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Rinca

Rinca

Rinca is the lesser-visited island in comparison to Komodo but this shouldn’t put you off a visit. Rinca has a larger population of dragons than komodo, which makes viewing these dragons far more accessible than on Komodo. Rinca is the closest island to the town of Labuan Bajo Flores and the boat ride to Rinca will usually take around 2 -3 hours by boat.

Once your boat has moored at the small port of Rinca, a ranger will greet you. You have no other option than to accept the services of the ranger, as he is your only form of protection from the dragons. The rangers are usually native to Rinca and know the park like the back of their hand. After a short walk through a mangrove you will be asked to register at small wooden office.  You will be asked to pay an entrance fee of Rp20,000 ($2) and if you have a camera a charge of 50,000 ($5).

 

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The ranger will then give you some information on the dragons and the island of Rinca. Once the introduction has finished you will be asked if you would like the Long trek (6km) or the shorter trek (3m). At this point we must add that the services of the ranger is free yet it is customary to give him a tip at the end of the trek as their salary is very low.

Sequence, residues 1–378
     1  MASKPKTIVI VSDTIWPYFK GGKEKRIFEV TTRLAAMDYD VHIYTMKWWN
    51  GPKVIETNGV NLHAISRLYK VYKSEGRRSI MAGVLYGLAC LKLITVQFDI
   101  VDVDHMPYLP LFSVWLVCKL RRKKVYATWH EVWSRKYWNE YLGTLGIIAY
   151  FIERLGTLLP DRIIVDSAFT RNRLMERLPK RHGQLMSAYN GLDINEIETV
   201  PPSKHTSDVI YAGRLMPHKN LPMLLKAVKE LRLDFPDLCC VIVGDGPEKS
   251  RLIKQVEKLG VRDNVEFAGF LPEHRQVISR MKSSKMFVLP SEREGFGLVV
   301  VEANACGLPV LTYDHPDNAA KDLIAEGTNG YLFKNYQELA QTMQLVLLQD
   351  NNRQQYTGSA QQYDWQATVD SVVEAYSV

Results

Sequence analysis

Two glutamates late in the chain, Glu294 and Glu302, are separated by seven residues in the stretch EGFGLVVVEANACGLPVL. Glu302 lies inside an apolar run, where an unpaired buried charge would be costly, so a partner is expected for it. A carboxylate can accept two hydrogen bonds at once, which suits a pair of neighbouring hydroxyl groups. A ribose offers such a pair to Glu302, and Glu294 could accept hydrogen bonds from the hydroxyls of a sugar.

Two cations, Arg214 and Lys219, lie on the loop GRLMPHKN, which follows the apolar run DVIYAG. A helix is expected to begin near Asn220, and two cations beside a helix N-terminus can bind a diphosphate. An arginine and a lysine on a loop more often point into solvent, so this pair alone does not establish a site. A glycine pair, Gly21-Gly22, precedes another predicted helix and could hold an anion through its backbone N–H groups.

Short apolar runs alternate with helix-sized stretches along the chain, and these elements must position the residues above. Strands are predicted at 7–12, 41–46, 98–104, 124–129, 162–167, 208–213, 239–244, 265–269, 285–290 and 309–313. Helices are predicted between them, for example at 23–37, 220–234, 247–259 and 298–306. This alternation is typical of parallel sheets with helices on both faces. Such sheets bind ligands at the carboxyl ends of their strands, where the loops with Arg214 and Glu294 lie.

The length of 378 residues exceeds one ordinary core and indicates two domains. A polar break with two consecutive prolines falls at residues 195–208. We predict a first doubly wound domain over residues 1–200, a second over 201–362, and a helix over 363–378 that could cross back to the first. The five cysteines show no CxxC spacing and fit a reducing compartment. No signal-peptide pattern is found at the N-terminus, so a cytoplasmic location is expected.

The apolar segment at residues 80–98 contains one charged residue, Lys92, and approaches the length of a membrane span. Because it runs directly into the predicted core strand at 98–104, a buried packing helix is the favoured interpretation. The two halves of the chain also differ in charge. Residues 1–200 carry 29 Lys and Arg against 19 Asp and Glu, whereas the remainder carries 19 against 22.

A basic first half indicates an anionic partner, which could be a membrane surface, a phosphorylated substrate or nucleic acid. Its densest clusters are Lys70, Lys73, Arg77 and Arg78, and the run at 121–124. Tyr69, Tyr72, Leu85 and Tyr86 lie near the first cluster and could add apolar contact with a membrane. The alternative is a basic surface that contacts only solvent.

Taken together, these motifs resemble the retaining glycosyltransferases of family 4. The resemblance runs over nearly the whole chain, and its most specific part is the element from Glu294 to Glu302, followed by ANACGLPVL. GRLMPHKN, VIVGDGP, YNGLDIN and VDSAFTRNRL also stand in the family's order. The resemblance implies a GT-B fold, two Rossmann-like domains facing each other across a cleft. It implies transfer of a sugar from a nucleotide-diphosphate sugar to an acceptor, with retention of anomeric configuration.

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Mating season for the Komodo dragon is from July to September and this can cause some problems in spotting the dragons as they are well hidden from view. However you will see many nests that the dragons build yet often these nests are left abandoned. The baby dragons have a perilous start to life and are often eaten by their mothers or other hungry beasts. The baby dragons for the first three years of their life scamper into the trees where they are safe from their maternal jaws.

Rinca is not only home to dragons but wild pigs, goats, buffaloes, monkeys and an array of birdlife. It really is a naturalist’s paradise. Walking on the trek will take you through some quite arid brush and you are forever turning your head at the slighest sound of a twig snapping or a rustle in the trees. If you are lucky enough to see a dragon really in the wild then you can be assured that you will be safe with the ranger. Most of the dragons hunt at dawn and dusk and during the hot days they laze in the sun and rarely move. Do not attempt to touch a dragon as they have been known to take off people's arms. You will undoubtedly be told the story along your trek of how a Swiss tourist strayed from his group in 1975 and was never to be seen nor found again. It is believed that after straying from his group, he encountered a dragon that took a shine to him. One of the reasons, his body nor skeleton was never found is the fact that the dragons will devour every single piece of their prey including the bones. You will often come across huge white lumps that resemble chalk - this is dragon pooh filled with all that calcium from bone. 

 

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It is possible to spend the night on Rinca if you are the more adventurous type. At the rangers barracks, there are basic huts that can accommodate, however make sure to notify the park authorities beforehand as occaisionally they can be

booked up with film crews filming a documentary.

Rest assured that if you do visit during these times, you will see plenty of dragons around the ranger’s barracks and cook house. It is the lazier dragons that tend to favour the food or left over scraps from the cookhouse. 

 

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